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Take a look at a selection of our recent media coverage:

Radiographer diagnostic performance equal to radiologists for screening mammograms

23rd September 2022

Radiographer diagnostic performance for screening mammograms was similar to radiologists offering a solution to the shortage of radiologists

Radiographer diagnostic performance for screening mammography is no different to radiologists for double reading digital mammograms and therefore offers a potential solution to the shortages of radiologists according to the results of a retrospective study by UK researchers.

Screening mammography is widely used in the detection of breast cancer and has been proven to decrease mortality. Moreover, the rate of cancer detection can be further increased by double reading of scans. For example, one study revealed how the relative increase in cancer detection as a result of a second reviewer was 6.3%.

In a 2016 survey, it was found that UK radiographers are already involved with interpreting and reporting images across the full spectrum of clinical indications for mammography including: low-risk population screening, symptomatic, annual surveillance, family history and biopsy/surgical cases. However, despite this change in role, there is limited evidence on the real-life radiographer diagnostic performance in double reading mammograms.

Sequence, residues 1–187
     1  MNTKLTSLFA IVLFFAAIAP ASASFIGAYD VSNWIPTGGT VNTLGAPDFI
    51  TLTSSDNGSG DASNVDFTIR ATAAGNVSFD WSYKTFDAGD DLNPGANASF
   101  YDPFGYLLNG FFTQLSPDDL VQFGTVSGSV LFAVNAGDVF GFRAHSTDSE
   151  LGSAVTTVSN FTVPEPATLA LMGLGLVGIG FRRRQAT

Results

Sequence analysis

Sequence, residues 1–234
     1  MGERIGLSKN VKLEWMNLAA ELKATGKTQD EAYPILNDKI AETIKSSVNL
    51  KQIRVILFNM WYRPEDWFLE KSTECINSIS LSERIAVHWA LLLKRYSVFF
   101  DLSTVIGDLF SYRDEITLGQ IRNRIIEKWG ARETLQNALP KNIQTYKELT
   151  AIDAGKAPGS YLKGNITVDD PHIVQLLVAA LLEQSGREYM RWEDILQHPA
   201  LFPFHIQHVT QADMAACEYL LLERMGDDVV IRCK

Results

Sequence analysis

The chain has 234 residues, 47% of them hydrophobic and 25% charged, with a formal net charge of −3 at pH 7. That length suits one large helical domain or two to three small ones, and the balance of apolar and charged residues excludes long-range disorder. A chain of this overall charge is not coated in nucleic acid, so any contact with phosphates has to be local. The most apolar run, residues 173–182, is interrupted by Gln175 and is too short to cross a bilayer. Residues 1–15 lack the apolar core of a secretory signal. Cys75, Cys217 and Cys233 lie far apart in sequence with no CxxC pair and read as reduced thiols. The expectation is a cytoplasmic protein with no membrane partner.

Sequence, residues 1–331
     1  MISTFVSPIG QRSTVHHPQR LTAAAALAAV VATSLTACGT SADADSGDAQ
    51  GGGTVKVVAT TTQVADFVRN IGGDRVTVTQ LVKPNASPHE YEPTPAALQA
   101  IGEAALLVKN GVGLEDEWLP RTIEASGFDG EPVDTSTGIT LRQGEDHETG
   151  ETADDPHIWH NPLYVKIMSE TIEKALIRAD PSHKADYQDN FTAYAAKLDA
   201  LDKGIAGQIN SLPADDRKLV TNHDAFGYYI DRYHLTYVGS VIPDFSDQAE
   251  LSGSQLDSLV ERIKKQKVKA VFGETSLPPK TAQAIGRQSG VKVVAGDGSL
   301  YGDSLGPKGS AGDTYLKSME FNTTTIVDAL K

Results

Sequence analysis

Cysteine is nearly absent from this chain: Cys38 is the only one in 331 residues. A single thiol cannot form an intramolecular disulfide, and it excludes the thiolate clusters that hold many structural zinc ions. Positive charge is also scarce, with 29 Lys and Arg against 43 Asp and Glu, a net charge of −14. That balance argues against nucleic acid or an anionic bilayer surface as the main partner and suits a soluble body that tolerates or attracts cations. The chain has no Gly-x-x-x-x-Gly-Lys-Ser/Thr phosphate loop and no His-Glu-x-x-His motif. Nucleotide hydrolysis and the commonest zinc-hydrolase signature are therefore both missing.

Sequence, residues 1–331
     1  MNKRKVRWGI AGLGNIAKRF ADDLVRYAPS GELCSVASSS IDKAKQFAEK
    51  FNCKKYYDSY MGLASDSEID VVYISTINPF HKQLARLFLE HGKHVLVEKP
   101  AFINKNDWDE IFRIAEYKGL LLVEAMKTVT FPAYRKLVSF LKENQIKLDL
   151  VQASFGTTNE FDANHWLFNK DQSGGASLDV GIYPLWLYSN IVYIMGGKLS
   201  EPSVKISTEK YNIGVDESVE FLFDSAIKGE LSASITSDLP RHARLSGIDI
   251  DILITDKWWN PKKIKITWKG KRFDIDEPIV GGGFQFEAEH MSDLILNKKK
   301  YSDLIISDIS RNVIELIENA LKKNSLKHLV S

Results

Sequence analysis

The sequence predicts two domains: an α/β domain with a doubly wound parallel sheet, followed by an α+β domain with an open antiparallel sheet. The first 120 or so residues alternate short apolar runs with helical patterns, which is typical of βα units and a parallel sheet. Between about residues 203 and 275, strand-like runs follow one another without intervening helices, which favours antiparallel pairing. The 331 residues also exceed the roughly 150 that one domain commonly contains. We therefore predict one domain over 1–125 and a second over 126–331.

For the present study, the UK team examined the performance of radiographers and radiologists for all screening mammograms in England between 2015 and 2016. The researchers used three key metrics for comparison between radiographers and radiologists: the cancer detection rate (CDR); recall rate (RR) and positive predictive value (PPV) of recall on the basis of biopsy-proven pathological findings for the first readers. Each of the breast scans were analysed based on the reader profession (i.e., radiologist or radiographer) and years of experience.

Radiographer diagnostic performance on screening mammography

A total of 401 readers were included and double read the mammograms of 1,404,395 women. There were 224 radiologists who first read 763,958 mammograms and 177 radiographers who first read 640,437 mammograms.

The overall mean CDR was 7.7 per 1000 examinations and the mean radiographer diagnostic performance was 7.53/1000 examinations and 7.84 for radiologists (p = 0.08). When the researchers analysed CDR’s based on years of experience, there was no variation for either profession (p = 0.87).